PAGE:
3.Types of Organisational Change
There are three types of organisational change, planned, emergent and incremental (Myers et al., 2012, p.58). Planned organisational change is constructed on the assumption that an organisation operates in an environment that is stable. Thus, transformations are pre-meditated and executed systematically. Emergent change is a continuous open-ended process that is characterised by unpredictability and an emphasis on the bottom-up approach to management. Incremental transformation tries to synchronize the performance of an organisation with the situations that characterise its external environment (Daft & Murphy, 2010).
4.Effects of Organisational Culture on its Ability to Transform
Organisational culture, as aforementioned, is made up of values and beliefs which shape the behaviours and norms within an organisation. Thus, it has an influence on the way organisational processes take place. One attribute of organisational culture that can be used to gauge the extent of its impact on the ability of an organisation to change is its capacity for risk taking (Kezar, 2001; Curran, 2005). According to Curran (2005), research has suggested that risk cultures facilitate adaptability and innovativeness in organisations. When changes take place within an organisation, there is always an element of risk and uncertainty that accompanies it. Organisations that have cultivated a culture of risk enable their managers and employees to comfortably make choices different to those which they might otherwise have made, without being afraid that their choices fail. The social cognition model of organisational change also stresses the need for organisations to create a culture that supports risk, allowing change in organisational processes without fear of failure. According to Kezar (2001), organisations that are characterised by risky and flexible cultures have the ability to make quick responses to sudden issues and crises. In addition to this, they are able to successfully adapt their business techniques to new trends, regardless of the outcome. A culture that can be described as dynamic and flexible is the ‘adhocratic’ culture. This is exemplified by companies like Google, whose abilities to develop new services to capture markets have made them leaders in their industry. This is a typical display of the evolutionary model of organisational change (Curran, 2005).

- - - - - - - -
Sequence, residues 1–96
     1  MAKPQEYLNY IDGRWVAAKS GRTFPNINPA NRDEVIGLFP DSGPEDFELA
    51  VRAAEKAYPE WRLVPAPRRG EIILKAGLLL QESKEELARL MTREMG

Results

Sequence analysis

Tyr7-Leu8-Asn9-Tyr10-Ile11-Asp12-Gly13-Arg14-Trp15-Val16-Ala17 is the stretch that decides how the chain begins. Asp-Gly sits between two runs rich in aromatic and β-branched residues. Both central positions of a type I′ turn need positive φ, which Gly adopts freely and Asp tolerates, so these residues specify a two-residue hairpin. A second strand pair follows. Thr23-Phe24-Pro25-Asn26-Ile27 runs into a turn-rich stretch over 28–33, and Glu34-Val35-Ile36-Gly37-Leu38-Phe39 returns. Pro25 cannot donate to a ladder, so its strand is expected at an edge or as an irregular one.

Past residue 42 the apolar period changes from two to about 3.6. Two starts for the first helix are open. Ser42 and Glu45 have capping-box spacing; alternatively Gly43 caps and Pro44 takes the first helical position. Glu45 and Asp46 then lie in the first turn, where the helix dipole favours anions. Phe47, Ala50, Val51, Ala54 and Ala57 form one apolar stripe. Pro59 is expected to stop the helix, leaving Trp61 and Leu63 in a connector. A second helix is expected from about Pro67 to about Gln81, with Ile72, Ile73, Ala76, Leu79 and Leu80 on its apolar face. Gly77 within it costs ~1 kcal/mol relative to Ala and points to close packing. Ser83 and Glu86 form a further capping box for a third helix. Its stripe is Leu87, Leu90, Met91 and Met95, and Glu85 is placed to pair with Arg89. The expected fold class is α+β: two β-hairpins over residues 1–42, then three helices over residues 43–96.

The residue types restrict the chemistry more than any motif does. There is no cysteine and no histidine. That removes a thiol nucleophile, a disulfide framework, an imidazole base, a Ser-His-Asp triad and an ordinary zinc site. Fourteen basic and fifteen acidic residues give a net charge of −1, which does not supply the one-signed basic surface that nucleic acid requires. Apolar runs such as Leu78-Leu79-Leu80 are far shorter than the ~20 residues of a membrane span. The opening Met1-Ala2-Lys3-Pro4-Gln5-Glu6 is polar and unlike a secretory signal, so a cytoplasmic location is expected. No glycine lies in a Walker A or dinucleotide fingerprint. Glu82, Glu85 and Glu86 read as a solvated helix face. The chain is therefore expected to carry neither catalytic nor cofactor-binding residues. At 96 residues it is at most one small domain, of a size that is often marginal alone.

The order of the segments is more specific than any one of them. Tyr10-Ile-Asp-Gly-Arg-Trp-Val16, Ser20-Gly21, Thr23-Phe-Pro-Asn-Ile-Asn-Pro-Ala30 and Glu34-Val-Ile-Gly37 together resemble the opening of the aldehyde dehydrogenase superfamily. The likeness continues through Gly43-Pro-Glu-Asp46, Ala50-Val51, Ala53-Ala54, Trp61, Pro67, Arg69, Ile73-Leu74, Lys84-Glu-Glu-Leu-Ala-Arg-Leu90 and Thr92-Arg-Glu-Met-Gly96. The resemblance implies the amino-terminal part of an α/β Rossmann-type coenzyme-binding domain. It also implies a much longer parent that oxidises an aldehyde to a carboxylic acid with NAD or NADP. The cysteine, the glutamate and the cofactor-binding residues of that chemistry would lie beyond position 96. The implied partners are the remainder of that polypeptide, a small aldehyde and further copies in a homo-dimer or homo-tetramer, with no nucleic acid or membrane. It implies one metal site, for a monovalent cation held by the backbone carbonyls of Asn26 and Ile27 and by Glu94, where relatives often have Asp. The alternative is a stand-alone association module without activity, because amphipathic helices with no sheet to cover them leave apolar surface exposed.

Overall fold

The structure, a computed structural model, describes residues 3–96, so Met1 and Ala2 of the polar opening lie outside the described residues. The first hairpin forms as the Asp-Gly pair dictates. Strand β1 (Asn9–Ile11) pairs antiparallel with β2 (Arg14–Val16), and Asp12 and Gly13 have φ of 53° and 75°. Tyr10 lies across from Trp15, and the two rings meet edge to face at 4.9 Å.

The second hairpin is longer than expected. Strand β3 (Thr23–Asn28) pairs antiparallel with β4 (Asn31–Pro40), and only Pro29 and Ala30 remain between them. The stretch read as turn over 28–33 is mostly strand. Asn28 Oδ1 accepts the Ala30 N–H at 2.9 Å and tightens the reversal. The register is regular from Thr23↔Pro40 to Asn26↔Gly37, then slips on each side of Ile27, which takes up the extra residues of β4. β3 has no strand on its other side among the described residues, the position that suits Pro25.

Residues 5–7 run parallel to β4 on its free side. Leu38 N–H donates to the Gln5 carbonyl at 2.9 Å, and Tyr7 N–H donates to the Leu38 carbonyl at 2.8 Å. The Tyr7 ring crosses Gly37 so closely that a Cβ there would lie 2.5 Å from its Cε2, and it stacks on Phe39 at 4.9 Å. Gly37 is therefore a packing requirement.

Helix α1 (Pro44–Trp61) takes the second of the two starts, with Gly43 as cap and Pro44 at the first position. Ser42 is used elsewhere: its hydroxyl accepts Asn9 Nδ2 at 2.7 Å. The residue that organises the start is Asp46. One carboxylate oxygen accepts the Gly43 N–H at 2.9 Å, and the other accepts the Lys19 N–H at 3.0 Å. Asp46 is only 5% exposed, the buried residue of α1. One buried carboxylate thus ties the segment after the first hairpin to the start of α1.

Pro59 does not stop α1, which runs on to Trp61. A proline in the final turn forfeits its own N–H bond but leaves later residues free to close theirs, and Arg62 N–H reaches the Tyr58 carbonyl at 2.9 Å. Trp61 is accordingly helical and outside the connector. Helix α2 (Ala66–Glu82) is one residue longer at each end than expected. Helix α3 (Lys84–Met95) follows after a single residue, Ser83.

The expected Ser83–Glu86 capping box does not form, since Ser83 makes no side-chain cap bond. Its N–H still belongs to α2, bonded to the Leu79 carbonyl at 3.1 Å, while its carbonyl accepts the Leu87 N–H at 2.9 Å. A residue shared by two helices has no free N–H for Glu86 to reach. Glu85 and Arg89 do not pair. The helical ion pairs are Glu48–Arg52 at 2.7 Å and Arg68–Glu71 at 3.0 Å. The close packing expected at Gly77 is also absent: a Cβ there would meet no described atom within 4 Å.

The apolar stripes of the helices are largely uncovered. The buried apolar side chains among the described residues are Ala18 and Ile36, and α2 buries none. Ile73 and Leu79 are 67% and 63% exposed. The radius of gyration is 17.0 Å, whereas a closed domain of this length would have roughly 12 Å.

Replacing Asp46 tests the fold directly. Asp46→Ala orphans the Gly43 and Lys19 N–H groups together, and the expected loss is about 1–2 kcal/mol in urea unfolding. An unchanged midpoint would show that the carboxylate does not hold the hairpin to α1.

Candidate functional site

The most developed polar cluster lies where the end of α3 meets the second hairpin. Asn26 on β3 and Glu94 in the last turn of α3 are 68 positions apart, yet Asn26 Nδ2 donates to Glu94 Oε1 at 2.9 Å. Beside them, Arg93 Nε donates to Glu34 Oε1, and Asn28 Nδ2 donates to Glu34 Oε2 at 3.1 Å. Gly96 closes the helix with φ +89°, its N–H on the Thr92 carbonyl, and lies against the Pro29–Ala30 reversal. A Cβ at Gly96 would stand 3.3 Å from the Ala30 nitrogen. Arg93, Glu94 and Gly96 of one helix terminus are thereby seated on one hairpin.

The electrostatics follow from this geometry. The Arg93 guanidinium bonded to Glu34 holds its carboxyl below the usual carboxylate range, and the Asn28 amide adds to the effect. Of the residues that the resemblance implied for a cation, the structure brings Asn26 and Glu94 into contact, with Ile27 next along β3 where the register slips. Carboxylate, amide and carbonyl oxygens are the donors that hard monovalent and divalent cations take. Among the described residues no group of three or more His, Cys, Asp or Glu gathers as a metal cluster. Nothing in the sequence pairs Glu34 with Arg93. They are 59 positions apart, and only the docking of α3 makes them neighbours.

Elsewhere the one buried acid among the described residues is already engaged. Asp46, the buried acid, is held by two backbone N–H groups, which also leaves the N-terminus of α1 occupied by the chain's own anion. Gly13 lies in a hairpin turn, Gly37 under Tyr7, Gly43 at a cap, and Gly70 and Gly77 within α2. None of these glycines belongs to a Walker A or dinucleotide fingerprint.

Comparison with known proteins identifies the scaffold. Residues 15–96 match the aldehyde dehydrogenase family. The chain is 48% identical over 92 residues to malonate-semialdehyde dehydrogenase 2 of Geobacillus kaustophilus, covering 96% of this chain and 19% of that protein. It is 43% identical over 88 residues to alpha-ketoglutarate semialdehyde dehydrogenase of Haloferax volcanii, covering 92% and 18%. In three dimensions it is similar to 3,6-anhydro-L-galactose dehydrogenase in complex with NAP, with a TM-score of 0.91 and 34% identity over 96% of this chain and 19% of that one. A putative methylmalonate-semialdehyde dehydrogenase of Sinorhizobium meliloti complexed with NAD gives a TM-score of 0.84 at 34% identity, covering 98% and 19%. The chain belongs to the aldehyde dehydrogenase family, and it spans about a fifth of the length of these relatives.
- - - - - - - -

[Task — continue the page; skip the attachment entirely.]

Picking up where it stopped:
There are also other aspects and types of organisational culture which slow down transformation. Transformation does not take place until it is planned (Ford et al., 2008). Cultures that fit this description are those that are stable, orderly and are in control. These types of organisational culture tend to be predictable and mechanistic. They tend to believe that it is better to stick to the known than embrace the unknown. The advantage of these cultures is that they are consistent and sustainable, and offer higher levels of job security. However this type of culture can limit the organisation’s ability to transform. Such cultures do not encourage innovativeness and creativity amongst employees, and are slow to respond to changes in the environment. This type of organisation tends to be well- established, having been in operation for a long time.
5.Effects of Organisational Structures on its Ability to Transform
Like organisational culture, the effects that organisational structures have on change are varied. Some structures that support change, others do not. Organisational structures can be defined in several ways, for example the formalization, departmentalization and centralization frameworks, or in terms of the hierarchy levels within the structure (Covin & Slevin, 1982). All these frameworks have aspects that facilitate organisational change and other aspects which suppress or limit the change.
The centralisation framework suggests that centralized organisational structures are characterized by decisions being made at higher levels of the hierarchy. On the other hand, decisions in decentralized structures are made by people who are closest to the issues at hand (Carpenter et al., 2010). Of the two, the decentralized structure is likely to be more suitable for facilitating change.